The Lady Kate offers sightseeing tours of Lake Erie.
Of course, you are welcome to take your own boat.
Stand up paddling, kayaking, and jet skiing are also popular activities at this park.
Due to its location along the Atlantic Flyway, Presque Isle is a haven for migrating birds.
Over 320 species of birds have been spotted. 39 species are of special concern.
It’s common to come across sand sculptures on the beach.
The Presque Isle Lighthouse has been in operation since 1873. It is the 2nd oldest lighthouse on Lake Erie.
The lighthouse is maintained by the United States Coast Guard and used as a park residence.
The tower is 57 feet high.
Sunset Beach is a favorite spot for nature photographers hoping to capture mesmerizing sunrises and sunsets.
Should the beach lose its appeal, the park also offers 11 miles of dedicated hiking trails.
The 13.5 mile Karl Boyes Multi-Purpose National Recreation Trail, named after the late State Representative, makes a scenic loop around the park. This trail gives visitors the opportunity to view the seven ecological zones of the park, each with its own plants and animals. The zones are: Lake Erie, the bay and shoreline, sandy plain and new ponds, sandy dunes and ridges, marshes and old ponds, thicket and sub-climax forest and climax forest.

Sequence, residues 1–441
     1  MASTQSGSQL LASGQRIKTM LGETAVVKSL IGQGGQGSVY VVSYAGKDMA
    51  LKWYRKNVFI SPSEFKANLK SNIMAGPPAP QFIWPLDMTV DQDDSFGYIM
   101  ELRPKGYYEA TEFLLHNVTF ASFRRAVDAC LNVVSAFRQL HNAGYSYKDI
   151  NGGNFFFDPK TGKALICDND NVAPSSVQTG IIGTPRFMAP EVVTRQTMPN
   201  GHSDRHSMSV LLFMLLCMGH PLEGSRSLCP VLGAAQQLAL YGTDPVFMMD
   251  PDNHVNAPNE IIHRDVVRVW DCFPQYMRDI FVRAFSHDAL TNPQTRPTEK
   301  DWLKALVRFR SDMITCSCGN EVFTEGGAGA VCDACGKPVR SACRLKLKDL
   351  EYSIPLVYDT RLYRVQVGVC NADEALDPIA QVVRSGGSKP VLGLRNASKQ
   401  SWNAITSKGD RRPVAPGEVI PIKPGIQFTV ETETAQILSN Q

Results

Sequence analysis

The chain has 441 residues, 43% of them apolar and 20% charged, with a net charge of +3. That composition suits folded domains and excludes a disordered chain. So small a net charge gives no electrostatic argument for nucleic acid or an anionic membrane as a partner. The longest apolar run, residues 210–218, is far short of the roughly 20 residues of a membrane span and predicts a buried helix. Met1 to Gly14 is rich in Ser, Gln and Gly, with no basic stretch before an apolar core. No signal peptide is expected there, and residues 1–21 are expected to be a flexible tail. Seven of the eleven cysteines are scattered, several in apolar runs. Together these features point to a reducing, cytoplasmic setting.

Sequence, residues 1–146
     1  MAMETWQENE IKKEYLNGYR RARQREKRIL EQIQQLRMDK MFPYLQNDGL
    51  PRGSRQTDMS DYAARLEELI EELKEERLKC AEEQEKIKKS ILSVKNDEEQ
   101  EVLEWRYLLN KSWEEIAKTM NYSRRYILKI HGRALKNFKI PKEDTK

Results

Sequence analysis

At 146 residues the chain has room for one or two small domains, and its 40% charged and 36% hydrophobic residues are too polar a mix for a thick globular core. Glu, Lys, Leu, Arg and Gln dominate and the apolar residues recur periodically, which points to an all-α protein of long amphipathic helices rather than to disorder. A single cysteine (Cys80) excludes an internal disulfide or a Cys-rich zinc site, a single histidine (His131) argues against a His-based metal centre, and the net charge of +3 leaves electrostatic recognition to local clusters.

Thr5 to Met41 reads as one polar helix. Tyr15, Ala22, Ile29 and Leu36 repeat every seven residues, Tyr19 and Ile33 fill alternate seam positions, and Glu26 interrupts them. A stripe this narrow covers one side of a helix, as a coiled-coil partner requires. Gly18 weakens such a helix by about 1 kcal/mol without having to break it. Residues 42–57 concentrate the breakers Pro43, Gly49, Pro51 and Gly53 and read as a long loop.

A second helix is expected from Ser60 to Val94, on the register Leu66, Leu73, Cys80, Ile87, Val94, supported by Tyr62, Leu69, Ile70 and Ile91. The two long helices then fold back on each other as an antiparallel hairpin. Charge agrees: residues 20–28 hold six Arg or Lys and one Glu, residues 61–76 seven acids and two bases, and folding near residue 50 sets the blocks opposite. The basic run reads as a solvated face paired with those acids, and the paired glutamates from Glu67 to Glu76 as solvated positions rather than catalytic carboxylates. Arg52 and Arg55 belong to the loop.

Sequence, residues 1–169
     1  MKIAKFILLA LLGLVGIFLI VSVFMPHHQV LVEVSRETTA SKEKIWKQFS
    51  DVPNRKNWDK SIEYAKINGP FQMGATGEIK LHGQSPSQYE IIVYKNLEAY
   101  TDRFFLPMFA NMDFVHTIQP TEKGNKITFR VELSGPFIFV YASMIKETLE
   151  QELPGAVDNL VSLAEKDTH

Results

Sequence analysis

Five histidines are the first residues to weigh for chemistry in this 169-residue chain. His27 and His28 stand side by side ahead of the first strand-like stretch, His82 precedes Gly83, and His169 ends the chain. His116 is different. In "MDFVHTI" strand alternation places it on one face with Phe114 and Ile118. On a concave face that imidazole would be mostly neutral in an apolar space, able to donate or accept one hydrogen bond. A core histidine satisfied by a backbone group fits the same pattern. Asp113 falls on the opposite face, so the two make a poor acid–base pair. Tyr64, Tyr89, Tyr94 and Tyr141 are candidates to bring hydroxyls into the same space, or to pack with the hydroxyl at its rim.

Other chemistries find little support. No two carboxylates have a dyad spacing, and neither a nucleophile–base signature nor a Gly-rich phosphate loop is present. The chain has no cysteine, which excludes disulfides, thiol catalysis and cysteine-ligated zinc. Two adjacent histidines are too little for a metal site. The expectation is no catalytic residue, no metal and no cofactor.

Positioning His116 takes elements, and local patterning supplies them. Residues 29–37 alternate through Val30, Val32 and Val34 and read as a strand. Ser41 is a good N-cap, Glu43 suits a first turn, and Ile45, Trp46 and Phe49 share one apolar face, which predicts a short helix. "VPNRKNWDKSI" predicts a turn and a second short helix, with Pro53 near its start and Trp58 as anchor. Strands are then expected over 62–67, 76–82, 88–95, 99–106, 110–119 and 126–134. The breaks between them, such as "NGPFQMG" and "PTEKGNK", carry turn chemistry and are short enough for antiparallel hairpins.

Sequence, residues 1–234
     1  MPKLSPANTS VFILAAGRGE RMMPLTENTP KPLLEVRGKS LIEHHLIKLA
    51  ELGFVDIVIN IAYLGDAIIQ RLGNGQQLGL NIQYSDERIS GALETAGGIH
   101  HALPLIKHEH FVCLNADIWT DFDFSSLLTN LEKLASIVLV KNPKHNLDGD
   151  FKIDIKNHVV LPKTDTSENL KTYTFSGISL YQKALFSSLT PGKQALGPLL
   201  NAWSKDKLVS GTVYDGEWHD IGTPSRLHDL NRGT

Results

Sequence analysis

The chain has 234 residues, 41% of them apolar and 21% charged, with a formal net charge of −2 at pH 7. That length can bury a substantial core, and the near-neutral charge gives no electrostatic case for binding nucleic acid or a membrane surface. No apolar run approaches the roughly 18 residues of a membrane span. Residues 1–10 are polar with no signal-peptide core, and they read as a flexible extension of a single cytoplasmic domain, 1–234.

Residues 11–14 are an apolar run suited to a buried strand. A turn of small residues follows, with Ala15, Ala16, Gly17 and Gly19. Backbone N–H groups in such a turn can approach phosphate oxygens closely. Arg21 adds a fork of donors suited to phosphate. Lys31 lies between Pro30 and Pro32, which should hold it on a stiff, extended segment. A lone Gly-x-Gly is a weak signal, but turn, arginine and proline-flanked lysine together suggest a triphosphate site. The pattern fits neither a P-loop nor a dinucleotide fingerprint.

Presque Isle played a key role in the Battle of Lake Erie, one of the biggest naval battles in the War of 1812. Commander of American forces, Oliver Hazard Perry prevailed, causing the British to relinquish control.
The Perry Monument at Crystal Point was built in 1926 to commemorate Commander Perry’s victory.
Misery Bay received its name from the hardships that the men endured in battle from 1812 to 1814. Smallpox ran rampant and the epidemic caused the men to be quarantined in part of the bay. The infected bodies were dumped in an area known as Graveyard Pond.
The U.S.S. Brig Niagara was damaged and intentionally sunk for preservation purposes by the US Navy in Misery Bay. The Flagship Niagara was raised in time for the centennial of the Battle of Lake Erie in 1913. It is one of the last remaining ships from the War of 1812.
Presque Isle Bay serves as a harbor for Lake Erie, and is home to both pleasure boats and worldwide freighters.
The presence of the US Coast Guard signifies the importance of Erie’s shipping industry. In addition to its status as an important Great Lakes shipping port, Erie has been an international port since 1959.
Waterworks Park Pumphouse, Circa 1917
Marshes and old ponds along the trail
Houseboats on Horseshoe Pond
The North Pier serves as the entrance to the Port of Erie.
Erie Harbor North Pier Light, also known as the Presque Isle North Pierhead Lighthouse, Circa 1858
Presque Isle State Park was chosen by the Pennsylvania Department of Conservation and Natural Resources (DCNR) and its Bureau of Parks as one of “Twenty Must-See Pennsylvania State Parks”.
Without a doubt, Presque Isle is one of the best parks we have visited! There is so much to see that we had to spend several weekends taking it all in! We hope to return in the winter to see the ice dunes that form on Lake Erie.
Adjacent to Presque Isle is Waldameer Park. It is the 10th oldest amusement park in the United States!